Where the idea came from: Actually, I was considering buying one of the last raspberry pi, and at the same time had my eyes on one of these cool mini-computers (the CHUWI Larkbox). For me, the main argument of the RPI was the 40 pins headers, and I started wondering 'What if I could add this to the Larkbox? Or any old laptop lying around?'. So I went with the Larkbox and started this project! In the end, I don't know if it is going to be so useful, but it was a nice way to learn about the atmega8 functionalities.
Key point: The best selling arguments is that it's very cheap to make! You can probably build it for less than 5$. Compared to the price of some development boards, if don't need anything too advanced, it may be a good option. Of course, you could also go for a cheap arduino clone. But the purpose here is different, you don't have to upload a program, you just control the atmega as a device plugged into your computer. You can even control it remotely with an ssh connection. So I guess it's just different.
Another key point: Since most of the atmega functionalities are implemented, you can just steal some code for other projects if needed :D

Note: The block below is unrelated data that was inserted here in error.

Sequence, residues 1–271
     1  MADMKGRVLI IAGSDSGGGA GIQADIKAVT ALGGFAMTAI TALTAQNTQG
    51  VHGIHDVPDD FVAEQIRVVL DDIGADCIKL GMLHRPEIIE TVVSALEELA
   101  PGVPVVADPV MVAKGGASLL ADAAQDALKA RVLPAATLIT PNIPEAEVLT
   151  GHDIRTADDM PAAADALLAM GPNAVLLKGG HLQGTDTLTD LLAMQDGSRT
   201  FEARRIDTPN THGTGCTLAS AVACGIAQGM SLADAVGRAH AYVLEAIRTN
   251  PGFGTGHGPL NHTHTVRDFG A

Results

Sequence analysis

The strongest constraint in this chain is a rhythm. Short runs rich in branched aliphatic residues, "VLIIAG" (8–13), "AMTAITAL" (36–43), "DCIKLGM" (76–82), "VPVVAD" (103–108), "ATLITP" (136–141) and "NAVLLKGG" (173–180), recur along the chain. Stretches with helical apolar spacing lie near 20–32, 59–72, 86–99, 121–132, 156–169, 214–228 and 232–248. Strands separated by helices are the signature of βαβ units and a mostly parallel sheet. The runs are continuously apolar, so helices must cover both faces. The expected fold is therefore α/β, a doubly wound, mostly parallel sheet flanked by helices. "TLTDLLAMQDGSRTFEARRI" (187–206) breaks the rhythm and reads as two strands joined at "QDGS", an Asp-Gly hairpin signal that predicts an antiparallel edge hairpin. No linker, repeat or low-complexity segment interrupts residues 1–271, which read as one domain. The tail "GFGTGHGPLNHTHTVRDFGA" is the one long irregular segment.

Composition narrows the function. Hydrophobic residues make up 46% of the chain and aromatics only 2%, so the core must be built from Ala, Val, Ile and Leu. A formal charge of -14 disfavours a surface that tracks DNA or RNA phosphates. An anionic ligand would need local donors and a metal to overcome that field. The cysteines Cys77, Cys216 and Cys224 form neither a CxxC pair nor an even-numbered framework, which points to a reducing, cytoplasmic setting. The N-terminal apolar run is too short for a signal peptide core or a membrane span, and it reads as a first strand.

Main problem: Of course, the main problem is the speed, due to the delay introduced by the serial communication (I measured about 4ms between two instructions). I used a 12MHz external oscillator to improve the baud rate. And for timing-sensitive applications, I added the possibility to execute a set of ~10 instructions recorded beforehand. Note also that, contrary to arduino or esp-type devices, it is not a standalone device, it has to be always connected to a computer.
Applications: A kind of applications I have in mind is controlling scientific experiments remotely. Using Python, you can easily perform some measurements (analogueRead), control another device, or do some simple task with a servo. Again, you could do it with an arduino, but it may be quicker to implement it with the Santtalgi as you don't have to write and upload any program, and deal with the serial communication and so on. Simply use the python library and you're good (any good scientist knows python these days, no? ;).
- I used the atmega8 because I had one around, but it shouldn't be hard to write a similar code for the atmega328 or any atmel chip with UART.
- It can be powered either by the usb port of the computer (used for serial) or by an external 5V power source. In this way, you should avoid frying your usb port if something goes wrong as only the serial communication link the atmega to the computer.
- When a command is sent, the atmega returns either 'OK' if everying went well, or an error code 'ER1',... if something went wrong. This is mostly useful for debugging.
Conclusion: Maybe I got a bit carried away and this kind of stuff already exists in dozens of versions. But it was fun to make anyway. And I just love my Santtalgi \o/